Cloudy, turning to fine later
I have a confession. I am in love with the Shipping Forecast.
No, not The Shipping News the book, as would make sense for a literature student, but the real shipping forecast, the actual full fifteen minutes of it at quarter to one every night on BBC Radio 4. My day is not complete without hearing the soft tones of one or other of the nice men tell me about the weather at all the offshore stations of which I don't even know the locations and will probably never visit, and then to wish me a good night's rest, and play me the national anthem as the station signs off for the night.
Sometimes, if Mr Shipping Forecast has pronounced 'patchy drizzle' with just the right burr and I'm feeling particularly affectionate towards him, I will even wish him a good night back. He deserves the respect. After all, he does a sterling job, does Mr SF, upholding one of the last bastions of Englishiosity. I picture him, sitting close to his microphone in the deserted Radio 4 studio, calmly reciting the forecast for the grizzled seafarers in their sou'westers, ensconced in their lighthouses in howling gales, and also the girl lying in her bedroom in the most landlocked town in the country.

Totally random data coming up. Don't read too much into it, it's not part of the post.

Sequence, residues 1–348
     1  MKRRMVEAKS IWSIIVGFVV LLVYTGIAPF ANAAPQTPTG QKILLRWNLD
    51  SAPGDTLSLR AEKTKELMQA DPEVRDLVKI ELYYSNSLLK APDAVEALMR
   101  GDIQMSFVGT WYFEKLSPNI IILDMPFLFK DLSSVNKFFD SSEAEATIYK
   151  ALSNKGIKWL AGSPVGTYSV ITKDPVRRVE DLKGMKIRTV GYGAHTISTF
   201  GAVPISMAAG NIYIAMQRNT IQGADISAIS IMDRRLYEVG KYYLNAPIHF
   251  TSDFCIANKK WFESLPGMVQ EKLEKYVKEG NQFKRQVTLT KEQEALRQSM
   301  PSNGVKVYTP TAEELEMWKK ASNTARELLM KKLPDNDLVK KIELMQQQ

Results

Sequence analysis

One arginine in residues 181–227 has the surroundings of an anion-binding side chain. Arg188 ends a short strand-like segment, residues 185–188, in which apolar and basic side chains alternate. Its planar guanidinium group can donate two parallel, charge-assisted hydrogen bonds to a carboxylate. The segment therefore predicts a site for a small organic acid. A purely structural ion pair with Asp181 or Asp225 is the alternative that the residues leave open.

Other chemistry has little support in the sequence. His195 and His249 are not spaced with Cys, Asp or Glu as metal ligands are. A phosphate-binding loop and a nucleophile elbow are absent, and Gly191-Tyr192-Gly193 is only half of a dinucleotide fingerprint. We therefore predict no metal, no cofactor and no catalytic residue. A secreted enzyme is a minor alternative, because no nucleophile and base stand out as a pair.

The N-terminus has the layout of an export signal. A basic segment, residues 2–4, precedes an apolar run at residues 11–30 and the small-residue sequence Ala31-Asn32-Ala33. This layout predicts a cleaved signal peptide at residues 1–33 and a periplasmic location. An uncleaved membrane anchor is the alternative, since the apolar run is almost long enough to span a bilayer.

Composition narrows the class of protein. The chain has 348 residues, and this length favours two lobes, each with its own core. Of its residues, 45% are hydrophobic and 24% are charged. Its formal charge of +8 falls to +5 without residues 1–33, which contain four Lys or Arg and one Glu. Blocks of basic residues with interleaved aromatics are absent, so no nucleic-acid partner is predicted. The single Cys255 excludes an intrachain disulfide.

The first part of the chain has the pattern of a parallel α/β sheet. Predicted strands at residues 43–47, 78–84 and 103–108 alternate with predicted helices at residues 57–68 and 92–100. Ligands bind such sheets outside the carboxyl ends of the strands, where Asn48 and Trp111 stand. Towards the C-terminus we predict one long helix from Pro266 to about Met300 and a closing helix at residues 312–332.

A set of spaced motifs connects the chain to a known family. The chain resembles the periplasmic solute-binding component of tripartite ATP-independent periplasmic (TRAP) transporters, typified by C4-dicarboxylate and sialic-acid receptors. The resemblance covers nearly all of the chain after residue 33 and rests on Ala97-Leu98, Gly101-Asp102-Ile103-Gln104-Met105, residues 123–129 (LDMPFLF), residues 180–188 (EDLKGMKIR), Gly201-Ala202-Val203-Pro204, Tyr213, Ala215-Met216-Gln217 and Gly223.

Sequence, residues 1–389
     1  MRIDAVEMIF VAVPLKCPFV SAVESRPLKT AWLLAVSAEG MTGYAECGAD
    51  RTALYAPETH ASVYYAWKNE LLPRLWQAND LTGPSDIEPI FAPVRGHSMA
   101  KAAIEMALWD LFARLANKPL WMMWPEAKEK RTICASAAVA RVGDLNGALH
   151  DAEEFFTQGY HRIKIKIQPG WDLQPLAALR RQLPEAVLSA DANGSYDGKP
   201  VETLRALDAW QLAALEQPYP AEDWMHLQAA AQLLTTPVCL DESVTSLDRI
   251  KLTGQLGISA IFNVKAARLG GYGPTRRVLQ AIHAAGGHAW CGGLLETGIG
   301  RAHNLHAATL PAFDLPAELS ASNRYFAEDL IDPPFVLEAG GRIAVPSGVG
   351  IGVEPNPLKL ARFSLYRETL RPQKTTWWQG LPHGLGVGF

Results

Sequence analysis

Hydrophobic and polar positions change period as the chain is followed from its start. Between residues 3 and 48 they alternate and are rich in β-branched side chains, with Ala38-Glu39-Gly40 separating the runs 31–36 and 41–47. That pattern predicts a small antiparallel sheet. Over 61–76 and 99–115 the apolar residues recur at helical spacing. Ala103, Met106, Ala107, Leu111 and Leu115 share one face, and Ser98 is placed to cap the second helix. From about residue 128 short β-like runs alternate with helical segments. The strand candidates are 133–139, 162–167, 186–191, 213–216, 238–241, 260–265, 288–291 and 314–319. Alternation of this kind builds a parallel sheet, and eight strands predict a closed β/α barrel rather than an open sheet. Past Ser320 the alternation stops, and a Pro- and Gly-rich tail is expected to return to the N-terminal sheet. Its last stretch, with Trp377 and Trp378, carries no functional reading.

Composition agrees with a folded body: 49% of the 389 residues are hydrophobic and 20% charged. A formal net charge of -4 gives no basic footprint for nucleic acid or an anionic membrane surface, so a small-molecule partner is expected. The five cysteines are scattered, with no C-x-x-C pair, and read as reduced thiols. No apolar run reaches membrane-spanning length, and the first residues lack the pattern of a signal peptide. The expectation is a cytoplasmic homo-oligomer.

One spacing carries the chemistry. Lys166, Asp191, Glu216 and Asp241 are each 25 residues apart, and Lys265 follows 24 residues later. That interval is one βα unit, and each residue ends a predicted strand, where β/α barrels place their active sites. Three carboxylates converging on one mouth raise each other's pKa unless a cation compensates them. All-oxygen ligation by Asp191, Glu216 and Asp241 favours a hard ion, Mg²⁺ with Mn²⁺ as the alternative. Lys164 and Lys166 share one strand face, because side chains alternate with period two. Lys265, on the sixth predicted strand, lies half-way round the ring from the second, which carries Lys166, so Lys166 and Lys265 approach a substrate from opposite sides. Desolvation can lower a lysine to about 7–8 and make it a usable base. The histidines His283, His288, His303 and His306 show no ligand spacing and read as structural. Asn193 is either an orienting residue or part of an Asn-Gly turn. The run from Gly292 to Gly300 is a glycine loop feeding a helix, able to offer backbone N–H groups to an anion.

Then he turns off his mic, removes his headphones, and strides from the studio into the dark night as the national anthem booms out behind him. He may even, if the evening's weather so demands, have a black handled umbrella and a caped raincoat. He's a mysterious one. Nobody knows where he goes, or what he does when he's not reaching out to the hearts of the millions of people who sit awake after midnight. Yet he is always there in time to do his duty by the lonely contingent of the British populace.
Come, let us raise our glasses and toast to the marvel that is the Shipping Forecast Man.